7.0 of 30
U.S. intervention in Vietnam was spurred by a controversial incident that occurred in what body of water?

The Gulf of Tonkin incident, which may have been exaggerated by the U.S. Defense Department, led Congress to pass the Gulf of Tonkin Resolution, authorizing intervention in Asian countries threatened by communism.

8.0 of 30
What Soviet jet fighter was the backbone of communist-backed air forces during the Cold War?

MiG-21s scored numerous victories in Vietnam, Syria, Angola and other proxy wars.

9.0 of 30
The destruction of what structure is considered an important symbolic event in ending the Cold War?

The checkpoints at the Berlin Wall were officially opened in 1989. It was demolished piece by piece throughout 1989 and 1990 by both Germans with chisels and hammers and official demolition crews.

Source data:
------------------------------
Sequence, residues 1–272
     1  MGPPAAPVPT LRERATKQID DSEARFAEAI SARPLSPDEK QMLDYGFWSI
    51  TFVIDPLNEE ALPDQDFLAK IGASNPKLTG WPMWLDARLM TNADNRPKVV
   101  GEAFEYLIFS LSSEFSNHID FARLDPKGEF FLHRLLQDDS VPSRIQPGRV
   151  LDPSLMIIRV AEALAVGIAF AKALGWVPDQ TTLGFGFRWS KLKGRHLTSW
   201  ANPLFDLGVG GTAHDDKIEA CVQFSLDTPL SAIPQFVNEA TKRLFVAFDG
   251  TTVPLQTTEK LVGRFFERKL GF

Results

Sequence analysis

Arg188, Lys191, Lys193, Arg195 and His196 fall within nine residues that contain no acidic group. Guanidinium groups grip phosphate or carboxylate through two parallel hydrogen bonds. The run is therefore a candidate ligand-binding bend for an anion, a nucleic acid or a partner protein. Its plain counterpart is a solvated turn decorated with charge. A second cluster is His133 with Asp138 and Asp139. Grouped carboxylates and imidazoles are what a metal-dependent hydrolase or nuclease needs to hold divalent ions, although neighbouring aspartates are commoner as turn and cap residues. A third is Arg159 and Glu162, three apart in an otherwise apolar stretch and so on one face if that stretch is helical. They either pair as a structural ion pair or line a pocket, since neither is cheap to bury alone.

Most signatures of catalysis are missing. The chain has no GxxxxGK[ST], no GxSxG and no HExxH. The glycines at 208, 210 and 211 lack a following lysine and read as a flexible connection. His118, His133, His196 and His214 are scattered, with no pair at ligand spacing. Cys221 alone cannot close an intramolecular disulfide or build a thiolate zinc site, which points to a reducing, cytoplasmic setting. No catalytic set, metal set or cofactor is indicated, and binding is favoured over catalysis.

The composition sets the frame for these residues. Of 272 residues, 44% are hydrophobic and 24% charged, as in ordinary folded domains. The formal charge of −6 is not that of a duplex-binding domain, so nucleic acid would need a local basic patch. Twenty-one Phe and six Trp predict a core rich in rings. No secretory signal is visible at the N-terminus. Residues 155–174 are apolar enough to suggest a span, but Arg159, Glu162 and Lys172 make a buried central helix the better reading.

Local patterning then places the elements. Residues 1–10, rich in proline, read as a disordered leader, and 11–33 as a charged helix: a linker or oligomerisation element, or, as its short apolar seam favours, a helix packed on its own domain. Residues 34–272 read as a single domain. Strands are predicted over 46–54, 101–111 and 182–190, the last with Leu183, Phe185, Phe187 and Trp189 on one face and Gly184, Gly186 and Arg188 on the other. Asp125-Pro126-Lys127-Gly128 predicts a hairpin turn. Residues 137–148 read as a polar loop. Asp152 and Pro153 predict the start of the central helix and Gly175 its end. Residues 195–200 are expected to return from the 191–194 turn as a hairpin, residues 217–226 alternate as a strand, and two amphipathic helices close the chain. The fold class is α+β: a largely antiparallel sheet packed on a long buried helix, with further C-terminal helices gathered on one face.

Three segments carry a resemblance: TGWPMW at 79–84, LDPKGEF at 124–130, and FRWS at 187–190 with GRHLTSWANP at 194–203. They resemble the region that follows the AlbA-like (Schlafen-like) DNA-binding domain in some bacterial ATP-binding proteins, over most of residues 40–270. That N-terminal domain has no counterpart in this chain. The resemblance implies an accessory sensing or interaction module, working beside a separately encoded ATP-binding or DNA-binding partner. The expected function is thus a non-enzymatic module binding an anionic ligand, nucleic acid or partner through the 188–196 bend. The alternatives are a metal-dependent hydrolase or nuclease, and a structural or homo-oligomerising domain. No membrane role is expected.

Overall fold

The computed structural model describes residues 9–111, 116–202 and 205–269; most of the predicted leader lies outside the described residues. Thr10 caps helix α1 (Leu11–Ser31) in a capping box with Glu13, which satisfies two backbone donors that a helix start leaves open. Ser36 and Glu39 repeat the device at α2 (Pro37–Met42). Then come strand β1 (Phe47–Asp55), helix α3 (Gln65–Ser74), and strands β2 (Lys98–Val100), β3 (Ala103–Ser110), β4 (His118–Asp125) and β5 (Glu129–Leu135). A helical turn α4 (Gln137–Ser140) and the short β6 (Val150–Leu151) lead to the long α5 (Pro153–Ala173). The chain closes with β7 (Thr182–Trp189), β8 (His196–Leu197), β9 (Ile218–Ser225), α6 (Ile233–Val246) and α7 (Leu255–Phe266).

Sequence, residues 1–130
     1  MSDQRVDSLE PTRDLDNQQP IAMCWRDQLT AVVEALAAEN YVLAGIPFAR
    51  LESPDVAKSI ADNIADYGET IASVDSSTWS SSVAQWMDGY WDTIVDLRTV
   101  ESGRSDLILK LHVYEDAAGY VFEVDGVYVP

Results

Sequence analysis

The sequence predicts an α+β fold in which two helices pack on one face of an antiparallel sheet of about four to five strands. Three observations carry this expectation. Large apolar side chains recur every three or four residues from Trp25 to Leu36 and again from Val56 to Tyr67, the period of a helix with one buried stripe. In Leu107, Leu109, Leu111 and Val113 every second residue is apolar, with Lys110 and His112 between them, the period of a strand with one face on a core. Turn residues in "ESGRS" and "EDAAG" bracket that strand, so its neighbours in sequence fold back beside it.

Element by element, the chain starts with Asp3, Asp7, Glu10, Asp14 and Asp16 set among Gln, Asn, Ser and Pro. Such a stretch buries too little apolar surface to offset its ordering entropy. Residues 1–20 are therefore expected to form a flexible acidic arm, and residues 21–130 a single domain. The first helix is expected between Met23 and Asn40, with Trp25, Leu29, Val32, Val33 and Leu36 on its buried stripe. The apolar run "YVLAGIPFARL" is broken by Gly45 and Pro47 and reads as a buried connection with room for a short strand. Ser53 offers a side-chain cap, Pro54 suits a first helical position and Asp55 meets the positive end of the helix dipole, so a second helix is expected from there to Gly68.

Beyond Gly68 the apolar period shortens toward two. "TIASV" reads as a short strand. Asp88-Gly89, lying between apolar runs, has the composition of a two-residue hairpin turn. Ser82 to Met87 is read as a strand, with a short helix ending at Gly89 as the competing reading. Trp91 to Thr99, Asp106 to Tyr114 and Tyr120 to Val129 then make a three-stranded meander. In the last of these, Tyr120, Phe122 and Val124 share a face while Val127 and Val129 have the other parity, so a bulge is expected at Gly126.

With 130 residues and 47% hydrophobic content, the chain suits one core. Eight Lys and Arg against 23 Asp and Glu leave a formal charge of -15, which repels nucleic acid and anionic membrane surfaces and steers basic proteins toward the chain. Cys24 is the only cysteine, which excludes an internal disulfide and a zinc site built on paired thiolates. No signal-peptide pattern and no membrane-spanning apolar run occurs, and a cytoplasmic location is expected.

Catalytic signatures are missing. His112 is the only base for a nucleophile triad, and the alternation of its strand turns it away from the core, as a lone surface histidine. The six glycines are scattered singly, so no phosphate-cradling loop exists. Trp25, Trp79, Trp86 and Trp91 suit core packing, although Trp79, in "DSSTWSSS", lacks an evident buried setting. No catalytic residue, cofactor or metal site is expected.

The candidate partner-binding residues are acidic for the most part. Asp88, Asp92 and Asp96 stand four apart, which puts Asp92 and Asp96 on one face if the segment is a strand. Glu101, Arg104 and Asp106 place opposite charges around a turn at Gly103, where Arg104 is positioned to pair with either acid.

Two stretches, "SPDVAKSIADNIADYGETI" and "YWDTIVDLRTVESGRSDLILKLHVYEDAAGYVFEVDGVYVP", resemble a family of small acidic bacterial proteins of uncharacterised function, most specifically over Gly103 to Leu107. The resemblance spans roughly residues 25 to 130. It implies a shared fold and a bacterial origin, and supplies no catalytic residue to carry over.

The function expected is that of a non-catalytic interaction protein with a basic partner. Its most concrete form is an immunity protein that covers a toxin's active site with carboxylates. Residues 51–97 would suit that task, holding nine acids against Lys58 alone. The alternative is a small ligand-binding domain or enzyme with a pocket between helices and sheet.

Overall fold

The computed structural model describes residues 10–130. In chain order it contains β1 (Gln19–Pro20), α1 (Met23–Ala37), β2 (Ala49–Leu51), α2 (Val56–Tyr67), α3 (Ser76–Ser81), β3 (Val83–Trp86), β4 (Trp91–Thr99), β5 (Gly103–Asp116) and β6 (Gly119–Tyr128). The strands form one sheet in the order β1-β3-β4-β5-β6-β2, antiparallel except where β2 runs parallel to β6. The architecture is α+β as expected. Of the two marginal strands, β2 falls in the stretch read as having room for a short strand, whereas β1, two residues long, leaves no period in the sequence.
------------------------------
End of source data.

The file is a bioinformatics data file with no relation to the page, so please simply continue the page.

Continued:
10.0 of 30
What was the Revolutionary War-inspired name of the U.S. intercontinental ballistic missiles that threatened the USSR with nuclear attack or retaliation?

Large numbers of Minuteman missiles were built to deter Soviet nuclear attacks with the fear of a devastating retaliation.

11.0 of 30
In 1978 writer Georgi Markov, who had defected from Bulgaria, was assassinated in London. What was used to poison him while he stood on a bridge?

Markov was injected with ricin by a man holding an umbrella.

12.0 of 30
The period of improved relations between the U.S. and USSR that resulted in the signing of several important treaties was known as …

"Detente" is a French word that means "relaxation."

13.0 of 30
What was the name for the border between the Soviet-allied nations and the NATO nations in Europe?

The Iron Curtain was a symbolic division between Warsaw Pact and NATO states, but it was also a physical border marked by fences, walls and guard posts.

14.0 of 30
What was the name of the East German secret police, an intelligence organization that spied on its own citizens and encouraged them to inform on each other?